The world we have made
Trevor Lwere | Monday, April 12, 2021
The world is not unfair. We have made it so. The world is not a jungle. We have made it so. We have certain assumptions about the world and made a certain world on that basis.
Darwin’s theory of evolution suggests that competition is the primary adaptive strategy for species in nature. That is, nature favors the strongest, while the weakest are dropped. In short, the world is a jungle where it is survival for the fittest. This logic has even been extended to the realm of human affairs. It is not uncommon to hear people say things like “the world is unfair” as an explanation for why some people have more than others. Thus, we have modeled society along competitive lines, like the jungle in which animals live. This is true especially in the economic realm.
One of the basic assumptions of neoclassical economics is scarcity. That is to say that there is not enough to go around for everyone. As such, the story goes, we must therefore find the most efficient, not necessarily the best, way of allocating resources in society. The competitive marketplace is the answer to this for neoclassical economists. The market is simply an exercise in survival for the fittest. It pays no regard to how or why some people are fitter than others and therefore allocates goods to those who can get them, not necessarily to those who need them. But it does it so efficiently, market failures notwithstanding, that we have concluded it is best and perhaps only way of organizing commercial affairs in society.
It is on this foundation that we build the superstructure of a market-based society where it is literally survival for the fittest. And because it is a competition, we always have an incentive to deviate from the rules of the market in order to maximize our material welfare. This is the inevitable result of a system premised on scarcity and competition. The nature of competition is such that the competitors are struggling to outcompete each other which means that as some get more of the proverbial pie, others must necessarily get a smaller share. And so, when we out muscle our neighbors and gain more from the market at their expense, we justify our ruthless greed as rational self-interest and apply some sugar-coating to it with such terms as “winners” and “losers” in the market, with losers being those who are least efficient.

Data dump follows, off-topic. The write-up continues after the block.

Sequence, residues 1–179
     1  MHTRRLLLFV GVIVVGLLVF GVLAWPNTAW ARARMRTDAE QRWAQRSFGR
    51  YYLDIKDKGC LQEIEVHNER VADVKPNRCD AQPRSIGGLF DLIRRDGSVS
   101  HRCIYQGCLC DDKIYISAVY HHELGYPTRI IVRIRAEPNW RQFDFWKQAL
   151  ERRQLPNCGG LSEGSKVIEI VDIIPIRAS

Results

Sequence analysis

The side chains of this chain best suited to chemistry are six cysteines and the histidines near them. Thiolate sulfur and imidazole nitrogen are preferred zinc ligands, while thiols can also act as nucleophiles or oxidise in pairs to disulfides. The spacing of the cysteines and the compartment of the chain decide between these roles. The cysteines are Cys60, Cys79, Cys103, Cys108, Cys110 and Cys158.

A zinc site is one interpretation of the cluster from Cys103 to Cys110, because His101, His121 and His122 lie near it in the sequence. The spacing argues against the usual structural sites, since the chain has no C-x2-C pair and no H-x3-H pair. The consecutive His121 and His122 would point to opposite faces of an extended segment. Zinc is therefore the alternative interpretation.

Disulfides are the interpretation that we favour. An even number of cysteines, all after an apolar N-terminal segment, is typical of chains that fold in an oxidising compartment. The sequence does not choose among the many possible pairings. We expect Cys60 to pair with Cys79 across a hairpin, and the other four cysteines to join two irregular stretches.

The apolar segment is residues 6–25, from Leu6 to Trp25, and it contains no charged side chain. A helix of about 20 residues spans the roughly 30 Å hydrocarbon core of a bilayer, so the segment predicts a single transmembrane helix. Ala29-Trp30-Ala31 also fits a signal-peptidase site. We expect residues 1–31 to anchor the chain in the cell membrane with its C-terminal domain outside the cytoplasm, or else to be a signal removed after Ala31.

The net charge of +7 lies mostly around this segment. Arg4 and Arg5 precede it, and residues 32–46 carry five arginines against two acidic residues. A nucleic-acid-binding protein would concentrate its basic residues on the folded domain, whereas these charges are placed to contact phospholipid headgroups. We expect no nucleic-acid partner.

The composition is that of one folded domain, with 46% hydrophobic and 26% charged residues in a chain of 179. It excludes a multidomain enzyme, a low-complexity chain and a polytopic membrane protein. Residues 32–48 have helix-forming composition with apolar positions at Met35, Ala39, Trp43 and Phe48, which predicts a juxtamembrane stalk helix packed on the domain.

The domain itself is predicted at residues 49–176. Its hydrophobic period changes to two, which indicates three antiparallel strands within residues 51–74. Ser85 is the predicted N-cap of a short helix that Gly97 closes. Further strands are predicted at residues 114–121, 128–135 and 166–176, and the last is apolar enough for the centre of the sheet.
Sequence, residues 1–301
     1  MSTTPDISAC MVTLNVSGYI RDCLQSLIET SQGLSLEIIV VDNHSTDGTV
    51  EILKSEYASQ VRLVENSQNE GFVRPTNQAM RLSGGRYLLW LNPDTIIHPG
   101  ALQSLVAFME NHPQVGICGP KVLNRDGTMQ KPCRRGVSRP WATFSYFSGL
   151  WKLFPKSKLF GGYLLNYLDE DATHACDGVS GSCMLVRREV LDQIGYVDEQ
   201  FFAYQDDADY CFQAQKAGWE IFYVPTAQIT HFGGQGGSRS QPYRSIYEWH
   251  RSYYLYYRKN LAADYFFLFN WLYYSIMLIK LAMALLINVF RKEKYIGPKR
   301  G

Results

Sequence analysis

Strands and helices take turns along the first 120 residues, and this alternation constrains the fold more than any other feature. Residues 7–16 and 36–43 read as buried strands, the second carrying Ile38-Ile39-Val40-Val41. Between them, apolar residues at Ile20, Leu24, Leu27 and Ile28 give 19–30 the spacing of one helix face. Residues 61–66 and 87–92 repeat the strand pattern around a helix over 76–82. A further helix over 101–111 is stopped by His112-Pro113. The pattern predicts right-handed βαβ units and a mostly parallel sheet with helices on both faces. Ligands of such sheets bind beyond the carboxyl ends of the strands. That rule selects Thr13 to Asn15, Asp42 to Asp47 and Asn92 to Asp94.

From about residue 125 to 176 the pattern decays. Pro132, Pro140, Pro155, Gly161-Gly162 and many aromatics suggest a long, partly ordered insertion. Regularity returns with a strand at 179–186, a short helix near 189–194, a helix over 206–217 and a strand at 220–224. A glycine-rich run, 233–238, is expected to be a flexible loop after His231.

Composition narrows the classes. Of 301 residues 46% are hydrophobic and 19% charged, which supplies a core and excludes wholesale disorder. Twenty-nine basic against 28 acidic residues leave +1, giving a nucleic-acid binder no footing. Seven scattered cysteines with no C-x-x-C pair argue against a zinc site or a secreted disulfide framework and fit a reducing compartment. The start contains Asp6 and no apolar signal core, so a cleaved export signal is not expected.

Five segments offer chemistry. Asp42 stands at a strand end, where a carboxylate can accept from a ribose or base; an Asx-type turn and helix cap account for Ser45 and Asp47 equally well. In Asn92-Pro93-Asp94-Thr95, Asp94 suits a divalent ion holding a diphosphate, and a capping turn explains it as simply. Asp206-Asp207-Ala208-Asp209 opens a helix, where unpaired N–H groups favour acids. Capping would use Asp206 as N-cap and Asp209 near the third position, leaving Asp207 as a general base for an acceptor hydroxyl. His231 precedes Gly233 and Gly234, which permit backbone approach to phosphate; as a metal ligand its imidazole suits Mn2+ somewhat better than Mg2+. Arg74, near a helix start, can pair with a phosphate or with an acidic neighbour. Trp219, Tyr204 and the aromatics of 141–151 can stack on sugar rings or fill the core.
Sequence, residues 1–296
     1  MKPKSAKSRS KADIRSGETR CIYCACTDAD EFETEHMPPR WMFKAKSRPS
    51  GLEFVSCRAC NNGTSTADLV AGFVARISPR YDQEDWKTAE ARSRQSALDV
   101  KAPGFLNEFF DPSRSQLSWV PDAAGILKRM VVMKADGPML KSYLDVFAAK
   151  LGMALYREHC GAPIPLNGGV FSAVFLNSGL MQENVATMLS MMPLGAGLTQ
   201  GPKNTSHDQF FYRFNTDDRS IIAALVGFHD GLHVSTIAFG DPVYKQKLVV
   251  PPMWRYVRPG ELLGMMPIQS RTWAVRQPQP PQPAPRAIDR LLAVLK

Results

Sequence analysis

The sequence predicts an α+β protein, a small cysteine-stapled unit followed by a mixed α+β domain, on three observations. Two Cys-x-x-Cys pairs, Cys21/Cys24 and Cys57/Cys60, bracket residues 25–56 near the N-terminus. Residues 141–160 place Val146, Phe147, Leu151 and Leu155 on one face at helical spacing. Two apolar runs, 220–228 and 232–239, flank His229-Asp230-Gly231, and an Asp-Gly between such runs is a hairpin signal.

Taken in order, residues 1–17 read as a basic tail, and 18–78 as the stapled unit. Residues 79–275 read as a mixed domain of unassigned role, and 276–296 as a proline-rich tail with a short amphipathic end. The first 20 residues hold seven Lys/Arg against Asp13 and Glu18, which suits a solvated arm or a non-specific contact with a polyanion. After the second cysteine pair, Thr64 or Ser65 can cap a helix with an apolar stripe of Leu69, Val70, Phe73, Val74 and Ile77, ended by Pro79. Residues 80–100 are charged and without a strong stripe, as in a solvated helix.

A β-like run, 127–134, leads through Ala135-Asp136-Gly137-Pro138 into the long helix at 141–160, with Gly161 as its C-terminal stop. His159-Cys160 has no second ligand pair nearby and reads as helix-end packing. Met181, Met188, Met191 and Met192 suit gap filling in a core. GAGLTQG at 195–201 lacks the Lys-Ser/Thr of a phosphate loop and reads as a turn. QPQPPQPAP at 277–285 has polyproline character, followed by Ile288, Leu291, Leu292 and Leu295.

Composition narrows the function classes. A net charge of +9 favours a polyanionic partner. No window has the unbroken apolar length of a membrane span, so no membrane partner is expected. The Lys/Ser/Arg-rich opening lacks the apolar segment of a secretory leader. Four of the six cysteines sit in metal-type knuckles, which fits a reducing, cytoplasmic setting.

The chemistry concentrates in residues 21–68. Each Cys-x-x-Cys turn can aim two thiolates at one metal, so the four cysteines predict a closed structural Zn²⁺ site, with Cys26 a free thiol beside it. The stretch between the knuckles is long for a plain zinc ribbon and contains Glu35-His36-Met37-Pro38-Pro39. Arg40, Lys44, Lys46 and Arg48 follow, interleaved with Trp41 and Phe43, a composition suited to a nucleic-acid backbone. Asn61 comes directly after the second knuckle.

And so, we codify scarcity as a fact of life and self-interest as the primary motivation for all human action. And that, despite all professions of faith in the moral equality of all individuals and claims to a concern for the common good. In essence, we model the world off of the wild jungle while claiming to still care about each other. Our struggle for survival in the marketplace may have formal rules which the struggle for survival in the wilderness lacks, but it is a struggle nonetheless — a fight, literally. We call it rational self-interest, not greed. Competition, not ruthlessness.
But let us pause for a moment and consider the strength of the assumptions that form the basis of our jungle — our market society. First, is it the case that resources in the world are scarce? Or do resources become scarce depending on the mode of distribution or allocation we use? It seems plausible that because we have decided to allocate our resources in a certain way, they appear to be scarce. Resources will definitely because scarce if some people can hoard them i.e., get as much as they want simply because they can afford it, even if they do not need it all. Perhaps if we distributed in a different way, we might end up with enough to go around. Secondly, is it true that self-interest is the primary or even only motivation for human action? Self-interest is simply one of many sources of motivation for human action. Consider soldiers in the military who go to war for a medal of whom in return while Zuckerberg gets a 20-year patent that earns him billions of money in return for his innovation. The point is not the Zuckerberg does not deserve all that money. However, the willingness of servicemen and women to risk their lives for just a piece of metal should demonstrate to us that indeed there is more than self-interest that people can respond to.
The world is not unfair. We have made it so. The world is not a jungle. We have made it so. If we revisit and question the assumptions we have made about the world, and the implications of those assumptions for the world we have created for ourselves, we can remake the world — for better.
Trevor Lwere is a junior at Notre Dame majoring in economics, with a PPE minor. He hails from Kampala, Uganda and lives off campus. He is a dee-jay in his other life and can be reached at [email protected]
The views expressed in this column are those of the author and not necessarily those of The Observer.